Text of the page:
Syrian Refugee Crisis

By Mary Berg
The Crown (Wilmette, Illinois)

The Syrian refugee crisis is currently one of the world’s foremost humanitarian issues. The crisis has been ongoing for the last five years, but has received increased media attention over the last year as refugees have fled to Europe in increasing numbers. Photos have emerged, which have included a three-year-old boy lying face down, dead, after having drowned in the Mediterranean, images of squalid camps in Greece have circulated the internet, and the popular blog Humans of New York featured the stories of several refugees in Turkey and Europe. Day by day, the plight of refugees is further documented and published, making it one of the most covered international political and humanitarian issues since World War II.

This crisis is a result of an incredibly complex and violent civil war in Syria that has killed close to 500,000 and displaced over 12 million of the country’s former population of 23 million. Over 5 million of those displaced have fled the country, and are now refugees seeking asylum. About 90% of refugees have been taken in by Syria’s neighboring countries of Turkey, Lebanon, Jordan, Iraq, and Egypt. These countries, some of which are in the midst of significant unrest themselves, are having significant difficulties absorbing these refugees. Space and resources are running out in urban spaces like Turkey, which has taken in 2.7 million refugees to date.

As a result, refugees have tried to flee to Europe. Upon arrival, they have been met with exceptional resistance by countries of the European Union. These countries do have the capability to relocate these people, yet often refuse to, citing security reasons. Refugees are also not welcome in the United States either, and their acceptance has been vehemently opposed by Congress and 31 GOP governors.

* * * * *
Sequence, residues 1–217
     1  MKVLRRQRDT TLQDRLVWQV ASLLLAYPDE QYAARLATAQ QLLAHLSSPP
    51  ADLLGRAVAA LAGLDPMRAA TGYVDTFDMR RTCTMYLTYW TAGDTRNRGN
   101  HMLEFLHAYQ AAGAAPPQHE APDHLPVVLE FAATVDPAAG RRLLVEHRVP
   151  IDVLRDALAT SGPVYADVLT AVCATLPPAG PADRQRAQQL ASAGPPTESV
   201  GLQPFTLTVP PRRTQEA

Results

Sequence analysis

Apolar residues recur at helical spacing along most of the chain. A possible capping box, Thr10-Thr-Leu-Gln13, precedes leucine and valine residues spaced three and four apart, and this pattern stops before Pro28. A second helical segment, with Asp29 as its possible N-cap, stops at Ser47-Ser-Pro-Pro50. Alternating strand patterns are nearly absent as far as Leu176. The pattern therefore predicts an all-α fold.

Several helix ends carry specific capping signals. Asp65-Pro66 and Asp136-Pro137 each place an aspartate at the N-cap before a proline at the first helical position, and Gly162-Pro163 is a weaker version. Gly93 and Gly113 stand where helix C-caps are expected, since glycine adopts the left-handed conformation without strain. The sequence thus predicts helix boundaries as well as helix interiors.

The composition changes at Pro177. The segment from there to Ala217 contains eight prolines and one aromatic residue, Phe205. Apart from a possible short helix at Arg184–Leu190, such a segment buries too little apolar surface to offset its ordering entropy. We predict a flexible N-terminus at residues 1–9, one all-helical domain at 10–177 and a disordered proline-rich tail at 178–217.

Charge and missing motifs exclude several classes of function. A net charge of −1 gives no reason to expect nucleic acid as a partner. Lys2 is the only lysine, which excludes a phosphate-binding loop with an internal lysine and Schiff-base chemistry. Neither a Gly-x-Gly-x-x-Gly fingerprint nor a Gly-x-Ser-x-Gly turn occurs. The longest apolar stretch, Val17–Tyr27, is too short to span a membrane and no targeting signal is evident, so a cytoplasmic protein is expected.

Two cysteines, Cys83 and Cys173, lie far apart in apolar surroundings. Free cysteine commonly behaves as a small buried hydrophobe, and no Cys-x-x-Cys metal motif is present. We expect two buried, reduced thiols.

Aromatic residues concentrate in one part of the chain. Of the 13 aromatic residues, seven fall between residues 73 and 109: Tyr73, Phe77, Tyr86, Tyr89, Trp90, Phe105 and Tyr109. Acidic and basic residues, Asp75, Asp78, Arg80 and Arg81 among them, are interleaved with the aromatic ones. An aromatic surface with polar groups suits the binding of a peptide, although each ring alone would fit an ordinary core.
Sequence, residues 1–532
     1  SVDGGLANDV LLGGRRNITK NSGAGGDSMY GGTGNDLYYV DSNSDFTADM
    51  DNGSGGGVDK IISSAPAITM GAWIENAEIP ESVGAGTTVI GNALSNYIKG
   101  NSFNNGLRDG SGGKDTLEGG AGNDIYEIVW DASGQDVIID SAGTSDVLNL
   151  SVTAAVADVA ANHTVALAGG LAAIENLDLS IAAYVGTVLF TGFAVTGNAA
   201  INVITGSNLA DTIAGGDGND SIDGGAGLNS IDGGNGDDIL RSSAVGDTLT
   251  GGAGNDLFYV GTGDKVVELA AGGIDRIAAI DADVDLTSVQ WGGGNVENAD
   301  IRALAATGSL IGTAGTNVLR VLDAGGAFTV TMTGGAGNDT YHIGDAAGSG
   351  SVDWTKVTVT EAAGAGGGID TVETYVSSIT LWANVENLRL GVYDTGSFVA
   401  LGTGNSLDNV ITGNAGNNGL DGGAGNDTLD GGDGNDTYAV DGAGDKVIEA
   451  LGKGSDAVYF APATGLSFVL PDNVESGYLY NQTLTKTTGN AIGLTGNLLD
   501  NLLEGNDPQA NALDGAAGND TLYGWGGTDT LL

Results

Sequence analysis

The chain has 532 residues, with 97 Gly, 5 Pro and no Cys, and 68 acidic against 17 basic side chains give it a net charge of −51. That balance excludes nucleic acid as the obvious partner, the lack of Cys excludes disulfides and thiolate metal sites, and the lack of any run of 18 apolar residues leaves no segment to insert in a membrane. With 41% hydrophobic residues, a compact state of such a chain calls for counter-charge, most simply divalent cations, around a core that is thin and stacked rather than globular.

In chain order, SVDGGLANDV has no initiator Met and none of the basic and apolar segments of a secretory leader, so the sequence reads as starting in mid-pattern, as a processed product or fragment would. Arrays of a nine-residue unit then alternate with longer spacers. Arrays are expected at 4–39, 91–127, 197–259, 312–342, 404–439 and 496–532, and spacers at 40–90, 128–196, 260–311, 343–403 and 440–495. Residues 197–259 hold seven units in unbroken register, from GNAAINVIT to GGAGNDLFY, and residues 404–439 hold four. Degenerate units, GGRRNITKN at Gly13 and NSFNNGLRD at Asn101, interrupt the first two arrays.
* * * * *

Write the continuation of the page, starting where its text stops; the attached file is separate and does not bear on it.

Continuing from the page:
As a result, refugees are stuck across the Near East in abhorrent living conditions, their homeland destroyed, with no where to go.


Regina Dominican student Sharika Elahi ’17 decided to advocate on behalf of refugees in her Social  Issue project for her graphic design class. Crown interviewed Elahi to gain better insight on her project.

Why is the topic important to you?

“The reason I chose to work on this project is because I didn’t know why different countries weren’t taking in refugees besides the fear of terrorism, so I wanted to research it and learn more about it. It turns out that countries are actually required by international law to take in refugees, and they aren’t. I wanted to represent that in this project.”

What are you trying to accomplish with this visual? 

“I understand the arguments behind countries refusing refugees, but at the same, they need to take responsibility for these refugees. If no one takes them in, then who will? We have a humanitarian duty to help these people in need, and if no one takes in refugees, then they will have no where to go, and begin to vanish, as I showed in my project.”

What was your inspiration? 

“I saw the Humans of New York blogs featuring refugees, and I saw spotlights on Al Jazeera, and those really got me thinking about the crisis. As Americans, we seem to be really distant from the conflict and from refugees themselves. I wanted to show people, as those blogs did, that this is an international issue that we all need to address.”

Explain your visual. 

“There’s a child standing on one side of a door, and he represents all refugees. He is looking up at the door, and the doorknob is on the other side. This shows that he has no access to freedom unless someone lets him in, and he is already starting to vanish. On the other side of the door are many countries’ responses to refugees, and they are all layered, represented the chaos and various ‘reasons’ associated with the rejection of refugees. The overall message of the image is ‘If not here, then where?’ showing that countries do have a responsibility to take in refugees.”

Photo: Unsplash, The Crown

About Grace Masback

Grace Masback, 17, aspires to give voice to the voiceless and holds the modest ambition of becoming the voice of Gen Z. Frustrated by the dearth of impactful platforms for teen journalists, she founded WANT, a news, sports, and entertainment website that aggregates the best in high school journalism from school newspapers and teen bloggers around the world (

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